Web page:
By Clement Bottino, MD, Fellow in General Pediatrics at Children’s Hospital Boston’s Primary Care Center
Like many people across the country, I was sad to hear about the passing of Steve Jobs.
I grew up with the technology Mr. Jobs created. My 5th grade final science project entitled “The Moray Eel” was typed on an Apple II computer. My college soundtrack was powered by a first generation iPod and nowadays I keep in touch with my sister who lives in Spain using face-time on my iPad.
The technology Steve Jobs created radically changed how we interact with computers, the way we listen to music, even the way we communicate with each other. Mr. Jobs was an innovator on a grand scale; some say a Thomas Edison or Henry Ford for our time.
Before Mr. Jobs, computers were big, clunky machines. There was no mouse, no desktop, just a solitary green cursor on the lower corner of an empty black screen. You needed to be an expert in the field to use one.
Mr. Jobs’ completely rearranged that model. By thinking differently and creatively, he built computers that could be used by anyone. Nobody thought it would work, but his computers, and everything else he developed, became a wild success.
I came to Boston two years ago as a new pediatrician in the Children’s Hospital Primary Care Center (CHPCC). We care for lots of children at CHPCC, over thirteen thousand each year. Most come from Boston’s inner city neighborhoods. They are often poor, from racial and ethnic minority backgrounds with low parental educational attainment.
During my time in CHPCC, I’ve cared for countless children with health problems related to the environments in which they live, learn and play. These children struggle with obesity, asthma and mental health problems in large part because of the conditions around them.
Sometimes it’s easy to fix the cigarette smoke in the home of a toddler with wheezing or help a teenager who lives in an unsafe area be physically active outdoors. Sometimes the stars align (there’s a highly motivated family, and a locally and financially accessible community resource) and we can make a dent.
More often, however, circumstances are complicated. Unemployment, food and housing problems frequently occur together and can be difficult to fix. Anxiety and depression can crush a parent’s motivation to make healthy changes. The results are difficulties with sleep, with school, with physical activity and healthy nutrition that are often so intertwined they can be impossible to peel apart.
As a primary care provider, the system often feels like a “pre-Steve Jobs” computer. The issues children and families are facing outside the clinic walls are so huge; any dent I’m able to make feels so small, like a lonely green cursor in the corner of an empty black screen.
Things are clunky and complicated. It takes several steps and extra time to locate community resources, to communicate with schoolteachers, to coordinate care with other health care providers. Like the expertise needed to operate an old mainframe computer, access remains limited for many disadvantaged children for things like physical activity and healthy nutrition.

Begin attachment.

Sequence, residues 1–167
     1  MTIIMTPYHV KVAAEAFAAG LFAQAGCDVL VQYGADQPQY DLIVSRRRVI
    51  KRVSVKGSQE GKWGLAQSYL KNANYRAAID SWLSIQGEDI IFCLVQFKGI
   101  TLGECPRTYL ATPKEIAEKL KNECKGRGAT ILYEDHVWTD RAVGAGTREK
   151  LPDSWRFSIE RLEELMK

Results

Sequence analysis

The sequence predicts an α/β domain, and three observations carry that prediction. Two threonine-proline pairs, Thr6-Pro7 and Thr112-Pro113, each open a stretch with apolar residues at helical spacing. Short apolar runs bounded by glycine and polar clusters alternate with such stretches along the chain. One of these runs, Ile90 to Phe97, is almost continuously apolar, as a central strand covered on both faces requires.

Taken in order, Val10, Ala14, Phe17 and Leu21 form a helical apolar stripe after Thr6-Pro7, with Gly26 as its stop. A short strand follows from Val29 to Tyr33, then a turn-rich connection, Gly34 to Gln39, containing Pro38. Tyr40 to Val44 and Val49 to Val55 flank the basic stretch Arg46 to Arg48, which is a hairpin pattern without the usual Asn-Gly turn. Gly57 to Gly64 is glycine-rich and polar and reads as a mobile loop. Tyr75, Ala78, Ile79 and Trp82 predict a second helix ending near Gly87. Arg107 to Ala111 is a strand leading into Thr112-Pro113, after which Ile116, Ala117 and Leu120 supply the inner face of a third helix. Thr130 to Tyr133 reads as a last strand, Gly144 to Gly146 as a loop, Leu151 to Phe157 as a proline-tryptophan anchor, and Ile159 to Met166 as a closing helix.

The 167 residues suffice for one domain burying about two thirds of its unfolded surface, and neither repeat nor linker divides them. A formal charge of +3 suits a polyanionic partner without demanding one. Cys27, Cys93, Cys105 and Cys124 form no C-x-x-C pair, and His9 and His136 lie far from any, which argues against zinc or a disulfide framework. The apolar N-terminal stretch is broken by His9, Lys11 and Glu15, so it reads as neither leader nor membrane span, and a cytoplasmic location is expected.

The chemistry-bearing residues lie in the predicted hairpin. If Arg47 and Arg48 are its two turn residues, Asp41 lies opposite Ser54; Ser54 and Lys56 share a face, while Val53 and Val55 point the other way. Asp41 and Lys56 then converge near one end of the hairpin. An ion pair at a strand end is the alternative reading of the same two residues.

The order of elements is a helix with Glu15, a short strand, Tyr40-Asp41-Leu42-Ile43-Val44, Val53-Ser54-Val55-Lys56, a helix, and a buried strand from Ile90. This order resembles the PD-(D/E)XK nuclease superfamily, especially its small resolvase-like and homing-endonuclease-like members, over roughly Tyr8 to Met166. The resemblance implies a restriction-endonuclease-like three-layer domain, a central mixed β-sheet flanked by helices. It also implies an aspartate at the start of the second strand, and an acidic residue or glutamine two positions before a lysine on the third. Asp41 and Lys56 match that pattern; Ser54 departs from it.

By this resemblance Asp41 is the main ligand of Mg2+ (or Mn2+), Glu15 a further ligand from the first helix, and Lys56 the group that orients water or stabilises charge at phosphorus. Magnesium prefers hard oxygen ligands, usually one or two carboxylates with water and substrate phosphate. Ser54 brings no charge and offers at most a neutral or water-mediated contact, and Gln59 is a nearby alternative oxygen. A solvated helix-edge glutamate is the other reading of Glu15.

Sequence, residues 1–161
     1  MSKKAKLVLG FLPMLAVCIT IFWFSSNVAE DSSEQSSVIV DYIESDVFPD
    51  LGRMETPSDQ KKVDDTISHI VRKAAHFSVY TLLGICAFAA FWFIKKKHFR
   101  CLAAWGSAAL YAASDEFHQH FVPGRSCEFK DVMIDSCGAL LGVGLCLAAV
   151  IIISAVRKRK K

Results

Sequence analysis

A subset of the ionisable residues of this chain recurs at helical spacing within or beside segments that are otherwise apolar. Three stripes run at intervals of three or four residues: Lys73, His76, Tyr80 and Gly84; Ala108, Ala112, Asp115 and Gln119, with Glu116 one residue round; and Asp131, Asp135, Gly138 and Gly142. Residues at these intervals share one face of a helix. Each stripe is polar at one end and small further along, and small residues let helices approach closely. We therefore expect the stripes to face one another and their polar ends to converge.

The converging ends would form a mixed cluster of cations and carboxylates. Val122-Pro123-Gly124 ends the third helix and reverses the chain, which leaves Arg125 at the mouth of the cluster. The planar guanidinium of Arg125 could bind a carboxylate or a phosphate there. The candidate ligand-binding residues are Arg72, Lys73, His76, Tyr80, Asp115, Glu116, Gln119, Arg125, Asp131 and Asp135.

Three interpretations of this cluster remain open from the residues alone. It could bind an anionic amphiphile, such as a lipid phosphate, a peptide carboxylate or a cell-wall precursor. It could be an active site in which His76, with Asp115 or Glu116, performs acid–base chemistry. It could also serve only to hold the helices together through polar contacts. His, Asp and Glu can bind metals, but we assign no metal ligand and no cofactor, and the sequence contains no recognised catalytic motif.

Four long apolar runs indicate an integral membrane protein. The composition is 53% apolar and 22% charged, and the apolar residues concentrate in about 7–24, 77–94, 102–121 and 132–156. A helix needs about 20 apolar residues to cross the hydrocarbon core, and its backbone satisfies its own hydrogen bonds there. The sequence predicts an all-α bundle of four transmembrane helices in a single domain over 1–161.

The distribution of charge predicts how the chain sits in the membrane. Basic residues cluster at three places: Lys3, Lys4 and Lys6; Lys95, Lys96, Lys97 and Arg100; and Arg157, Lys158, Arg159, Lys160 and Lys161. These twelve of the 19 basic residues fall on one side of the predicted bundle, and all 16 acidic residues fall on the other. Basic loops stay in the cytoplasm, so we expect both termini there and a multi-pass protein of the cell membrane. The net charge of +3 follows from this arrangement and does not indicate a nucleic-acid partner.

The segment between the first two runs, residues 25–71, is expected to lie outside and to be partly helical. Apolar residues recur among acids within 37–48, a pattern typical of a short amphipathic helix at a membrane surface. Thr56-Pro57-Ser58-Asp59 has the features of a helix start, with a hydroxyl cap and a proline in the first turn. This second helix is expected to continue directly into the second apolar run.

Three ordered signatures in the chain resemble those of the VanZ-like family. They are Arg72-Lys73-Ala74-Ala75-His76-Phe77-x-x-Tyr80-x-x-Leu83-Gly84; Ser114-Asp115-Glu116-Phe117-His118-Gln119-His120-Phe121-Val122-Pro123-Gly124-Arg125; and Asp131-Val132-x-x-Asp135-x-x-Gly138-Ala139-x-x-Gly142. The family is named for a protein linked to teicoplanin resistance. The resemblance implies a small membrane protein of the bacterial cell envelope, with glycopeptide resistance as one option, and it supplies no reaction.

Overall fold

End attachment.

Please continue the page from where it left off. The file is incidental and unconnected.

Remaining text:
We need to be like Steve Jobs. We need to innovate.
We are innovating already. I’m leading a study in CHPCC where we’re using the Internet to learn about how problems like unemployment impact the quality of what young children eat at home. We’ve started programs like the CHPCC Asthma Action Team, designed to help parents not only with their child’s asthma medicines, but also to help them maintain a healthy breathing environment at home. Since the Asthma Team started at CHPCC, we’ve seen the number of visits to the emergency department and overnight admissions for asthma drop remarkably.
But we need to do more. We need to think like Steve Jobs and imagine better things and then make them happen if we are going to fight the tremendous public health issues like obesity, or make health care costs manageable, or maintain the doctor-patient relationship in the context of ever-shortening visits.
One approach is the patient- and family-centered medical home, which takes the traditional doctor’s-visit and flips it on its head. Instead of seeing just one doctor, patients are cared for by teams of doctors, nurses, pharmacists and social workers who work together alongside local community organizations to create environments that promote health.
Steve Jobs’ vision was a radical departure from the conventional model. The issues we face now call for a radical departure from our conventional health care model.
We will forever miss Steve Jobs and his creativity and passion. If we can apply that kind of creativity and passion to health care, we may achieve the radical change the system so desperately needs.